• Reply
    July 17, 2017 at 3:35 pm

    Excellent tips, a must-read for anyone traveling to SE Asia for the first time! I certainly wish I had these tips prior to my first visit. You did a great job of providing a lot of info in digestible doses. I can certainly relate to dipping into the 7-11 store just to get a much-needed blast of AC. The only other tip I can think of is It is to not point or gesture at someone with your foot (like when sitting). This can be taken as an insult.

  • Reply
    July 17, 2017 at 8:52 pm

    Researching the scams is SUCH a good idea! I wish I did that before I went to Peru we got scammed by the police! These are great tips

  • Reply
    Peter Korchnak
    July 17, 2017 at 9:46 pm

    What a comprehensive list, I agree with all of these. As I was reading through it, I was checking off items from my own experience. I’d have a hard time putting it all together like this, luckily you did it for the rest of us.

  • Reply
    July 17, 2017 at 10:10 pm

    i remember my first solo southeast asia trip last year. it was one of the amazing experience i have ever did. Yes i like your thoughts that done plan super strict schedule. you dont know what youre going to miss

  • Reply
    Jenn and Ed Coleman
    July 17, 2017 at 11:22 pm

    This is a very solid list. I like “don’t forget your morals”, watch drinking and staying hydrated. Those three tips will take you a long way in life, even if you’re not backpacking.

  • Reply
    Archana Singh
    July 18, 2017 at 1:30 am

    Fantastic list for backpacking in South East Asia. And I agree many countries accept USD. Infact at some places they are more have to have dollars than their local currency.

  • Reply
    July 18, 2017 at 1:42 am

    Great tips! I actually did some of the things you listed during my trip to Asia. I completely agree with most of the things you listed. And thank you reminding me of some that I have forgotten.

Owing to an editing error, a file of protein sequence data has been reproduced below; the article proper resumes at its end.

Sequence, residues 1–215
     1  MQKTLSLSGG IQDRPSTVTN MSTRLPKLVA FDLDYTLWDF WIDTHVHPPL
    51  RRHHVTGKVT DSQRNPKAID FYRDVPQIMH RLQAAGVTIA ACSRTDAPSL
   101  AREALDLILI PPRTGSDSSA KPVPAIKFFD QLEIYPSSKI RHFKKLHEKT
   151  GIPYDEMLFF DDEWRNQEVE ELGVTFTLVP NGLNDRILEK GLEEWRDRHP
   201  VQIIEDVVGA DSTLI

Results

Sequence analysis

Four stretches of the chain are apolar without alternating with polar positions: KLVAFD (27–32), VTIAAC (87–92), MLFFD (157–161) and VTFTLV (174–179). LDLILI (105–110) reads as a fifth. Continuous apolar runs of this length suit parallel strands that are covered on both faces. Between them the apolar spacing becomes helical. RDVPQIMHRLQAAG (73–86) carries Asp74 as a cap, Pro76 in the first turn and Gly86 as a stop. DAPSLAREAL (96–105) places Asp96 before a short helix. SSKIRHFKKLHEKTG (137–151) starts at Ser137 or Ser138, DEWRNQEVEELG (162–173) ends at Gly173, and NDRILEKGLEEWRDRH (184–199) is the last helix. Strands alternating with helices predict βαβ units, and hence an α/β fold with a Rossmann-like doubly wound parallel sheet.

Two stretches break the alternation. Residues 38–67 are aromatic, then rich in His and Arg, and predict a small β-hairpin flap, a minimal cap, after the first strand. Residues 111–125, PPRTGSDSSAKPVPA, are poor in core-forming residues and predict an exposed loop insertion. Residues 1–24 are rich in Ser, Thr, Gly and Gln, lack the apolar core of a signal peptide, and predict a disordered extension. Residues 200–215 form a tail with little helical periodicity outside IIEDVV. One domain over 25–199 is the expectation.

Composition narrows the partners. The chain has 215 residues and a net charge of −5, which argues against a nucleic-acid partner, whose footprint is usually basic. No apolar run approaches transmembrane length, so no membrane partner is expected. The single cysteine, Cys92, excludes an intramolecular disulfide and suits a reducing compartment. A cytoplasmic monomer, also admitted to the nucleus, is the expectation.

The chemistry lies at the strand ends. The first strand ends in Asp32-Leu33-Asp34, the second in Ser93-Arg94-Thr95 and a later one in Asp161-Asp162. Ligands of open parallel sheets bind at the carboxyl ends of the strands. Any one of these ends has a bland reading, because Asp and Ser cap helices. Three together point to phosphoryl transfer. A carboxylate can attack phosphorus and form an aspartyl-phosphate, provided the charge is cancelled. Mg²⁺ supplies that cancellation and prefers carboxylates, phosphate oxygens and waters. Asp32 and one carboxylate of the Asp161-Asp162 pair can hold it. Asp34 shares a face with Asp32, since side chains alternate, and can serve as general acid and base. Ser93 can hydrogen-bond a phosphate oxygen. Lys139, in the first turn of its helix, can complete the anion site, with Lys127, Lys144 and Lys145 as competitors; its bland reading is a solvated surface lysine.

• Reply
    July 18, 2017 at 5:41 am

    Thank you for such an extensive list. It is a wonderful list and it helps one to make up his/her mind before backpacking. Backpacking in Southeast Asia is really different.

  • Reply
    Danielle Guy
    July 18, 2017 at 5:55 am

    This was a very great list, especially the warnings of people scamming you! I certainly want to see more of Asia, so I appreciated this advice! The squat toilets lol so much truth. When I lived in Turkey I would do anything for a European toilet!!

  • Reply
    Shruti Prabhu
    July 18, 2017 at 10:00 am

    I’m not a backpacker but these tips are useful for me as well. Insect repellent is a must! I get bitten by bugs wherever I go. A little bit of research on the scams goes a long way! Great post!

  • Reply
    July 18, 2017 at 10:57 am

    Oh this brings me back to living in Thailand! Great tips, especially waiting to change your money until you get there. Just make sure to use it all before you leave, or exchange at the border for the next country!

  • Reply
    July 18, 2017 at 11:32 am

    I have absolutely no intention of ever backpacking in southeast Asia, but I still found your list of tips very interesting. And of course, many of those tips apply to any travel!

  • Reply
    Foodie Flashpacker
    July 18, 2017 at 12:20 pm